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Proc Natl Acad Sci U S A. Feb 27, 2001; 98(5): 2515–2520.
Published online Feb 20, 2001. doi:  10.1073/pnas.041475098
PMCID: PMC30169
Genetics

Role of the F-box protein Skp2 in lymphomagenesis

Abstract

The F-box protein Skp2 (S-phase kinase-associated protein 2) positively regulates the G1-S transition by controlling the stability of several G1 regulators, such as the cell cycle inhibitor p27. We show here that Skp2 expression correlates directly with grade of malignancy and inversely with p27 levels in human lymphomas. To directly evaluate the potential of Skp2 to deregulate growth in vivo, we generated transgenic mice expressing Skp2 targeted to the T-lymphoid lineage as well as double transgenic mice coexpressing Skp2 and activated N-Ras. A strong cooperative effect between these two transgenes induced T cell lymphomas with shorter latency and higher penetrance, leading to significantly decreased survival when compared with control and single transgenic animals. Furthermore, lymphomas of Nras single transgenic animals often expressed higher levels of endogenous Skp2 than tumors of double transgenic mice. This study provides evidence of a role for an F-box protein in oncogenesis and establishes SKP2 as a protooncogene causally involved in the pathogenesis of lymphomas.

Keywords: ubiquitin, ubiquitin-ligases, cancer, cell cycle

F-box proteins (Fbps) form an expanding family of eukaryotic proteins characterized by an approximately 40-aa motif referred to as the F-box because it was first identified in cyclin F (1). Fbps are components of ubiquitin protein ligases called SCFs because they contain the following basic subunits: Skp1 (S-phase kinase-associated protein 1); a cullin subunit (called Cul1 in metazoans); Roc1 (also called Hrt1 or Rbx1) and one of many Fbps. Because Fbps act as substrate recognition factors of the SCF ligases, a large number of Fbps ensure high substrate specificity (24).

The human Fbp Skp2 and human Skp1 were originally identified as two proteins interacting with the cyclin A–cyclin-dependent kinase 2 (Cdk2) complex and thus were designated as Skps (5). Interestingly, this tetrameric protein complex was found in fibroblasts immortalized with simian virus 40 large T antigen and in many transformed cells but could not be detected in diploid fibroblasts (5). Skp2 is required for the G1-S transition in both transformed cells and diploid fibroblasts (5), and Skp2 overexpression induces quiescent fibroblasts to replicate their DNA in low serum (6). Recent biochemical and somatic cell genetic experiments have started to elucidate the mechanisms through which Skp2 controls the entry into S-phase. In fact, we and others have demonstrated that Skp2 is required for the ubiquitination and consequent degradation of the cell cycle inhibitor p27 both in vivo (6, 7) and in vitro (7, 8). Skp2 only binds to and allows the ubiquitination of p27 when the latter is phosphorylated on Thr-187 by Cdk2. In quiescent cells levels of p27 are high, but in response to mitogenic stimuli, levels of cyclin E, cyclin A, and Skp2 increase, resulting in the Thr-187 phosphorylation of p27 and its subsequent ubiquitin-mediated degradation. Interestingly, p27 degradation is enhanced in many aggressive human tumors (reviewed in ref. 9). Skp2 also is required for the ubiquitination of cyclin E, but only in its free, non-Cdk2 bound form, whereas cyclin E complexed to Cdk2 is not affected by Skp2 (10). Skp2-deficient cells show high levels of p27 and free cyclin E, polyploidy, and centrosome overduplication. In addition, Skp2-deficient mice grow more slowly and have smaller organs than littermate controls (10). This phenotype underscores the importance of Skp2 in positively regulating cell proliferation.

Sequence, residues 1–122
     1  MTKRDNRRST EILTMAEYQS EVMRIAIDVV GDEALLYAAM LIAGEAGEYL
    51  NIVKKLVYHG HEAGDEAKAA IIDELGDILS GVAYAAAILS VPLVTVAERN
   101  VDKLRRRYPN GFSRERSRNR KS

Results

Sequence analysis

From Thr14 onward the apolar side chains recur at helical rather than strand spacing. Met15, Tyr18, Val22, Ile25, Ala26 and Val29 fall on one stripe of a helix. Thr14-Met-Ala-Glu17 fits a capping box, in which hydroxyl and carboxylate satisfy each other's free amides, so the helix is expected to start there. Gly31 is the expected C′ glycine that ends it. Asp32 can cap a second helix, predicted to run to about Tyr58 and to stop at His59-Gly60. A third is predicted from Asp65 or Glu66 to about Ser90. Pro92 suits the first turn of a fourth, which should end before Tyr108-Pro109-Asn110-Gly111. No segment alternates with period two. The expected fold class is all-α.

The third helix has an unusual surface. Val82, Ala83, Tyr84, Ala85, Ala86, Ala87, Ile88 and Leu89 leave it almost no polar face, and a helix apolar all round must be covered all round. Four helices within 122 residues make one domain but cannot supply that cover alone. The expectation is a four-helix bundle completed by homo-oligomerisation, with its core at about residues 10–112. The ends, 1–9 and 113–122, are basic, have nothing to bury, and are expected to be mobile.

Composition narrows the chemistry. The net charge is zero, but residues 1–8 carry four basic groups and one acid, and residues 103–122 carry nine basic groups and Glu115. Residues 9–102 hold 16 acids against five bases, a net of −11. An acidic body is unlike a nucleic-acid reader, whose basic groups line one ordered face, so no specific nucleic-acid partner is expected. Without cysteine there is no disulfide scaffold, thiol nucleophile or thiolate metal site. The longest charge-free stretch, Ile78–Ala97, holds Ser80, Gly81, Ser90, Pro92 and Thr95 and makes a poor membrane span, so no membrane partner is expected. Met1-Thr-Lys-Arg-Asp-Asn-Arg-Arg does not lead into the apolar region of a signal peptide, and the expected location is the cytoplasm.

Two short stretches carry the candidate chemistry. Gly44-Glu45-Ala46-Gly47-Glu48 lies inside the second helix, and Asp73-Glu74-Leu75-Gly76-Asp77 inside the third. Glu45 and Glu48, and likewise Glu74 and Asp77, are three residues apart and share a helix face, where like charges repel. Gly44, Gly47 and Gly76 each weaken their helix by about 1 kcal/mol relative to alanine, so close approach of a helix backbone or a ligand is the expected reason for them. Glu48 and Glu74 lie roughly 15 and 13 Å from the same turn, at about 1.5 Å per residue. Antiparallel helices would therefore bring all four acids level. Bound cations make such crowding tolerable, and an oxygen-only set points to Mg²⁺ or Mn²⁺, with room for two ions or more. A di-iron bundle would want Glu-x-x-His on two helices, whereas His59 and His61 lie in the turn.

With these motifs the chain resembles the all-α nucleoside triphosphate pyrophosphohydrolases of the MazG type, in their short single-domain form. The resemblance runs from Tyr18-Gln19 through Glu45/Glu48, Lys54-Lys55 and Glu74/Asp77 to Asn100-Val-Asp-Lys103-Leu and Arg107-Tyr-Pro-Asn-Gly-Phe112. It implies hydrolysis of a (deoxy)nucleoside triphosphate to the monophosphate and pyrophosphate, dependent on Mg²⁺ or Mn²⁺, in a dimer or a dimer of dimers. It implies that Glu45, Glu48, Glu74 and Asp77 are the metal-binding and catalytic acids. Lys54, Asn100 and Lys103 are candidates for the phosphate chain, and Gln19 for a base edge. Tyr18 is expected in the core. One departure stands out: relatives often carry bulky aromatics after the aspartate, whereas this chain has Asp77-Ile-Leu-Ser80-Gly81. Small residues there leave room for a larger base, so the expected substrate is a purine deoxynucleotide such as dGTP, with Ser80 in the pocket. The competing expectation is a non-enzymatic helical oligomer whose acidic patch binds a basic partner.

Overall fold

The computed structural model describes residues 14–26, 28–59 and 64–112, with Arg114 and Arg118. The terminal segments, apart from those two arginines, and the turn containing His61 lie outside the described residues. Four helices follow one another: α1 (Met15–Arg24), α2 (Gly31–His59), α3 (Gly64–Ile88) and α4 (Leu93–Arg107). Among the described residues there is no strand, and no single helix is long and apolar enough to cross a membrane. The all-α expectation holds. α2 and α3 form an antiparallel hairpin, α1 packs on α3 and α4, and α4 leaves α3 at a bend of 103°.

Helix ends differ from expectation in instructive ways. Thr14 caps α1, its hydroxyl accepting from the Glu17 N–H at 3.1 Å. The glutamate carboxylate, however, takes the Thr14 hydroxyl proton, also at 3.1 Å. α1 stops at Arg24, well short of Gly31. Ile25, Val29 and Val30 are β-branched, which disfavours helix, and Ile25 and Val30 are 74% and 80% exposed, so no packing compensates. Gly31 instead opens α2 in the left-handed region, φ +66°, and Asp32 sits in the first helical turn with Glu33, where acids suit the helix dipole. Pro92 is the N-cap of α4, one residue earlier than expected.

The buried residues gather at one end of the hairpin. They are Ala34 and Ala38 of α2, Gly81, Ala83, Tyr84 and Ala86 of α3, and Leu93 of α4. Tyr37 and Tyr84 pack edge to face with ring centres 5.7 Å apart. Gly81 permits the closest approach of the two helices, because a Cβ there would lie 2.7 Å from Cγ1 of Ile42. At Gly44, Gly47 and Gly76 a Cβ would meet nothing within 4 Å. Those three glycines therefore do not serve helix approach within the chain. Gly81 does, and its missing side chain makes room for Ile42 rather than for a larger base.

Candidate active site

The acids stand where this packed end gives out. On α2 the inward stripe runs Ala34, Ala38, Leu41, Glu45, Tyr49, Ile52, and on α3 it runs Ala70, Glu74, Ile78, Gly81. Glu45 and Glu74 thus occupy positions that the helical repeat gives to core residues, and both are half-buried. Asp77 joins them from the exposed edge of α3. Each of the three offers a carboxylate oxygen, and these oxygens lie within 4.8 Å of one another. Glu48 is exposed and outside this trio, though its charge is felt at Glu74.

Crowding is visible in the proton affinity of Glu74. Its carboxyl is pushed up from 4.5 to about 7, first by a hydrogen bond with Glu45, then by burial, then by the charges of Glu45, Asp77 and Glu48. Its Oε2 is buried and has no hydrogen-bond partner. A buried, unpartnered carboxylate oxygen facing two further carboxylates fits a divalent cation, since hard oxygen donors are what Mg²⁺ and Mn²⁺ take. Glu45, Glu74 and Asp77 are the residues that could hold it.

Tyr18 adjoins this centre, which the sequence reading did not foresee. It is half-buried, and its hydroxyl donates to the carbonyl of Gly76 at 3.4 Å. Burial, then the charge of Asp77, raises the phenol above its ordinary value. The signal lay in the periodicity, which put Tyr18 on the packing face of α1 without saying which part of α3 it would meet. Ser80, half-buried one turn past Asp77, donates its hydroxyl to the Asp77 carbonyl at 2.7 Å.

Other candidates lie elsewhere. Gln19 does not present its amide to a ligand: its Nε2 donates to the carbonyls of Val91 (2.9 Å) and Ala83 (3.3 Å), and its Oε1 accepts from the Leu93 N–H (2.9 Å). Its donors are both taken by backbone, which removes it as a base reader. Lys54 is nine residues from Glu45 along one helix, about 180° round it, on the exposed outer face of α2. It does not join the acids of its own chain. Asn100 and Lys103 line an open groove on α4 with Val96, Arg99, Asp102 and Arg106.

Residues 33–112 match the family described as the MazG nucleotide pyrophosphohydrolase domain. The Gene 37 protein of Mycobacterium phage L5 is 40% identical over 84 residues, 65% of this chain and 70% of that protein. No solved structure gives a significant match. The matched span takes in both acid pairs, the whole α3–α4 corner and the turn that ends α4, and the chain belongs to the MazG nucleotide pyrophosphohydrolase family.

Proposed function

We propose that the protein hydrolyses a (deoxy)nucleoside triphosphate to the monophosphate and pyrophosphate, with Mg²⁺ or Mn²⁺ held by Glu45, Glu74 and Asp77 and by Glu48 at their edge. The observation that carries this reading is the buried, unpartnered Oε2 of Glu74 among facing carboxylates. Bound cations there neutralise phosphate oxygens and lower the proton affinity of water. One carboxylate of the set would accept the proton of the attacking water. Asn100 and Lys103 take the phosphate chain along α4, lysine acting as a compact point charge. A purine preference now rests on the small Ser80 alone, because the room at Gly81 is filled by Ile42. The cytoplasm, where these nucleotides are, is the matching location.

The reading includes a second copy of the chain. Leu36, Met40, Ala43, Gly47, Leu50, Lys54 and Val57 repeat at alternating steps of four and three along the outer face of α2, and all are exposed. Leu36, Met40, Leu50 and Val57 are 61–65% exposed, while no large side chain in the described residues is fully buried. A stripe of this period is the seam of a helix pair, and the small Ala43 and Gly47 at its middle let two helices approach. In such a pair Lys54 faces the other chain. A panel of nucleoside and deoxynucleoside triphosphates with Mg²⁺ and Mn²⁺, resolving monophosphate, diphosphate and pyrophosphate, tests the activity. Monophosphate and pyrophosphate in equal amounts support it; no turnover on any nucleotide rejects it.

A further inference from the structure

Given the role of Skp2 in inducing S-phase entry and the overexpression of Skp2 in many tumor cell lines, we designed experiments to determine whether Skp2 has a role in oncogenesis. The results of these studies are herein presented.

Materials and Methods

Antibodies.

Mouse mAbs to Skp2 were produced in collaboration with Zymed and affinity-purified as described (11) with the use of purified bacterial Skp2 protein (12). mAb to human Cul1 (13), rabbit polyclonal antibodies to human Skp2 (7), Cul1 (13), p27 (11), cyclin A (7), and phospho-T187-site specific p27 antibody (11) have been described. mAb to cyclin D3 was kindly provided by Jiri Lukas (Danish Cancer Society, Copenhagen). Rabbit antibodies to anti-E2F-1 (sc-193) and anti-cyclin E (sc-481) were from Santa Cruz Biotechnology.

Pathological Samples.

A panel of 58 well-characterized lymphomas was selected from among the cases processed in the surgical pathology laboratories of the New York University School of Medicine. The lymphomas were classified according to the international lymphoma study group, based on hematoxylin-eosin stain and immunoperoxidase stains as described (14). The lymphoproliferative disorders characterized in this study included low-grade lymphomas (small lymphocytic lymphomas, SLLs), and high-grade lymphomas (diffuse large cell lymphomas, DLCLs).

Immunohistochemical Staining, Score, and Statistical Analysis.